While the housing market has undoubtedly had a V-shaped recovery, the labor market hasn’t rebounded yet to its pre-pandemic levels.
Mortgage rates fell slightly this week as mortgage applications rose. Specifically, the 30-year fixed-rate mortgage ticked down to average 2.87% this week from 2.88% the prior week.
Unemployment rates are highest among millennials, Blacks, and those with less than a high school degree.
Income and credit conditions are two main factors that affect the ability of consumers in obtaining a loan, either for a home or other personal property.
The number of people who applied for unemployment benefits dropped last week. Specifically, the unadjusted new jobless claims totaled 786,942 in the week ending September 26, a decrease of nearly 5% from the previous week.
The jobs recovery continued in September, with another 661,000 net new jobs. Government jobs fell as fewer Census takers were needed, and layoffs of school support staff occurred as many courses have gone online.
The 30-year fixed-rate mortgage dropped to average 2.88% this week from 2.90% the prior week. Rates have stabilized below 3% for more than 2 months.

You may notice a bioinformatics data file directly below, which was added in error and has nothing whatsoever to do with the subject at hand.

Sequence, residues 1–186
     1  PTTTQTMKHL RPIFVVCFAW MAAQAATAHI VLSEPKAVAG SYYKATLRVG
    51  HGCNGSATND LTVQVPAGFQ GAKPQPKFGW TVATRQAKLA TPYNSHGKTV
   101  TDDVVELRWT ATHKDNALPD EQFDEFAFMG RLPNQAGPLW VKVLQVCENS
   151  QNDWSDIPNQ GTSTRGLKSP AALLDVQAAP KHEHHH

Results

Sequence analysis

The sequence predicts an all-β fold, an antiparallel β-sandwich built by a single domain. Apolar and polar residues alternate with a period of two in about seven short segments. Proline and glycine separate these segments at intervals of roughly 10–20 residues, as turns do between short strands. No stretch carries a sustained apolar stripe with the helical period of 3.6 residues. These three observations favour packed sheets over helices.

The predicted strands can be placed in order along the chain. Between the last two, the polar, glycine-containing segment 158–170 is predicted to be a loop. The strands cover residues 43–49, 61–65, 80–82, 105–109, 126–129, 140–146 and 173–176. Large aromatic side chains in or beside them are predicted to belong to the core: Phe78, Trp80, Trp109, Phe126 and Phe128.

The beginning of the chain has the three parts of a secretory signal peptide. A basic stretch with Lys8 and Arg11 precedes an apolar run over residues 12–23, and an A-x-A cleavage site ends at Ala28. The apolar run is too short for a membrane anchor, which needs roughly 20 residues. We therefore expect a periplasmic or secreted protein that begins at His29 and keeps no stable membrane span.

August’s pending home sales pace increased 8.8% last month and jumped 24.2% from a year ago.
This blog post provides a comprehensive picture of housing in America using the trends of the following 9 factors; household growth, homeownership rate, household size, owner and rental vacancy rates, type of homes, adults living with their parents, share of income for housing, home prices, residential mobility.
About 1 million renters are most likely to file for protection from eviction and another 3.2 million are “somewhat likely” to file for protection from eviction under the CDC Order and from state eviction moratoriums.
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